Both may have involved The Sun newspaper, although that is not entirely clear.
The most difficult of the two to decipher is how Ben Stokes, the hero of the third Ashes test match win over Australia at Headingly, was treated.
The Sun’s decision to splash with the story that 31 years ago, and before Ben was born, his mother’s ex-husband killed their two children and took his own life, provoked near universal condemnation.
Stokes himself described the story as “immoral” and “disgusting” and that his high public profile did not justify such an invasion of his family’s privacy.
The BBC decided after an internal debate to cover the story, after Stokes had issued a long statement, but decided to mention only a family tragedy without mentioning any of the details.
An odd decision given that the details were probably on the internet within seconds of publication of The Sun story leaving many BBC listeners perplexed.
Perfectly sensible journalists said they did not want to know what had happened and argued that The Sun should not have done it.
Three senior editors, including a tabloid editor, appearing at a Mediatel News' Media Leaders Lunch soon after were all of the view that they would not have published the story.
One said that following Leveson so many more checks were carried out and more thought given to where the appropriate balance lay between public interest and invasion of privacy. And context is now considered more important.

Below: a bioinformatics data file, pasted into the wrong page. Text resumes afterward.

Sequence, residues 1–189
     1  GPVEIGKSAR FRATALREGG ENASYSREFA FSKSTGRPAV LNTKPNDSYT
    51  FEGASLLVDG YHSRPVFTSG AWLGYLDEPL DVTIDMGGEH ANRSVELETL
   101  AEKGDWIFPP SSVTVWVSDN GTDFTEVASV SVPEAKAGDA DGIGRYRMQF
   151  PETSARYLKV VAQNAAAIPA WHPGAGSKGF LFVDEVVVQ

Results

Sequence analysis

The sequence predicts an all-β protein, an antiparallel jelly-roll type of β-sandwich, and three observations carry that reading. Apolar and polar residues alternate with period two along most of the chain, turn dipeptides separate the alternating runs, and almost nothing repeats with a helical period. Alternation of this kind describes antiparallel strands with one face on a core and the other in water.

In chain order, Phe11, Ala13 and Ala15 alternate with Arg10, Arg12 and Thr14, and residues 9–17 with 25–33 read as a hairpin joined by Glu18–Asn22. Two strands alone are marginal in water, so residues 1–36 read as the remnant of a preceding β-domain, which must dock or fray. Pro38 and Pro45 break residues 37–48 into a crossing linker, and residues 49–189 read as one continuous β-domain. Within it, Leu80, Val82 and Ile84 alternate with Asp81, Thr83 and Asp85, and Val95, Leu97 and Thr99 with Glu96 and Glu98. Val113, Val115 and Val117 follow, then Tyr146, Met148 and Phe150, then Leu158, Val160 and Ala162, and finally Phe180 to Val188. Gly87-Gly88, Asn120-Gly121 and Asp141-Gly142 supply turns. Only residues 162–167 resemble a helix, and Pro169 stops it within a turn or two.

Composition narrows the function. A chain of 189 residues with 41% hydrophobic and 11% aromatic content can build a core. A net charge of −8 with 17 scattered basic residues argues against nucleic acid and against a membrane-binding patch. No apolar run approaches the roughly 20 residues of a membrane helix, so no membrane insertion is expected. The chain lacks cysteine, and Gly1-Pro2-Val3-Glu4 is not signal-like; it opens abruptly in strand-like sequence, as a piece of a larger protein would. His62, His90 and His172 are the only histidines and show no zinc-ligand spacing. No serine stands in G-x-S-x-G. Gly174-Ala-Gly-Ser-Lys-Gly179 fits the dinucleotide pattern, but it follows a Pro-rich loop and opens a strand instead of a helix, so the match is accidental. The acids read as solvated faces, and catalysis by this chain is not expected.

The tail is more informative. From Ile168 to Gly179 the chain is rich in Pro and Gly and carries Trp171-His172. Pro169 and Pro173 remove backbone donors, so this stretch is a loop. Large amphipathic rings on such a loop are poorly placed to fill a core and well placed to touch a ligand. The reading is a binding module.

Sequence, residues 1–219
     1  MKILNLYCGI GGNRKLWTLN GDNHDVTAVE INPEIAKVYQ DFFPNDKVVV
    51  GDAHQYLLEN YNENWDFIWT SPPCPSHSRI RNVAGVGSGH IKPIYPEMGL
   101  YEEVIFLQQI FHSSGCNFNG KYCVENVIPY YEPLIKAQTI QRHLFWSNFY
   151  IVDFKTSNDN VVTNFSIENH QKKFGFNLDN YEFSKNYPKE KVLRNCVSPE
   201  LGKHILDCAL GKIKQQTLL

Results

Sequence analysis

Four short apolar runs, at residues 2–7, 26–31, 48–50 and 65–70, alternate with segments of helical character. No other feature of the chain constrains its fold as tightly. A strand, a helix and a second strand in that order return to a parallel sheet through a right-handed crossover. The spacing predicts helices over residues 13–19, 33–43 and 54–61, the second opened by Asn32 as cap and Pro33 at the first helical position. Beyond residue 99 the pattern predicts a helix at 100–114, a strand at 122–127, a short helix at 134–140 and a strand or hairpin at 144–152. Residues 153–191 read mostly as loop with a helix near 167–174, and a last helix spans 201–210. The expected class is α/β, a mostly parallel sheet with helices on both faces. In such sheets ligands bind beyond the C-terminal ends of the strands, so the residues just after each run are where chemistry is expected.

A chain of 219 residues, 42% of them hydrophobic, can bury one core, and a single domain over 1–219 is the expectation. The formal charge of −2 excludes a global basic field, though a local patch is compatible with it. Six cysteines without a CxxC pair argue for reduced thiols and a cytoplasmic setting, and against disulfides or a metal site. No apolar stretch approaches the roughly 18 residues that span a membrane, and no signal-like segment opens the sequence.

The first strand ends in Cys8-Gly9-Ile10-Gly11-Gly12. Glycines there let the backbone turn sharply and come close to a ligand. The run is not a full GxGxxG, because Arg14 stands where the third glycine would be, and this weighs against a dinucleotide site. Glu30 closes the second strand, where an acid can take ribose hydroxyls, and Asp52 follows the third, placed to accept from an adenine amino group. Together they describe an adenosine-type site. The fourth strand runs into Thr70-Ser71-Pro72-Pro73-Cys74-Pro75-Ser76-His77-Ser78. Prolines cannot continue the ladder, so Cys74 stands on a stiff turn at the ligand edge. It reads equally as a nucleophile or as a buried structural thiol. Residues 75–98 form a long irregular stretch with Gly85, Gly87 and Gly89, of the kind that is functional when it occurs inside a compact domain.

On balance The Sun should not have printed the story, or at least found a different way of doing so, perhaps in a more considered feature or biography of Stokes.
But before anyone reaches for the statutory regulation button it is worth remembering that the basic facts of the multiple murder story were obviously true and received front-page coverage in New Zealand at the time.
Can such public information be never referred to in public again because they might be upsetting?
Is there a creeping right for unpleasant things to be forgotten in an echo of the EU right to be forgotten policy?
Tell that to biographers and historians.
The threatened outing of the HIV status of Welsh rugby star Gareth Thomas by a tabloid newspaper is much more clear-cut.
More than a decade ago Thomas came out as gay and is now married to his male partner.
However, a tabloid journalist revealed his HIV positive status to his parents before he had told them himself, something that is impossible to justify.
Thomas refused to name the newspaper but added “everyone will know especially of late” a comment that some have suggested points to The Sun, which has declined to comment.
Out of an injustice some good has come. There has been a sympathetic interview in the Sunday Mirror and a BBC Wales documentary.
There has also been a large increase in men going for HIV tests as a result of the publicity.
But the main thing that either case fails to justify is statutory regulation of the press as David Cameron realised.
Another small positive point this week. The EU’s top court has decided that Google does not have to extend the right to be forgotten, which allows individuals to delete links to examples of their shady past from the public electronic record, outside the 28 countries of the European Union.
In such a world as this we must be grateful for small mercies.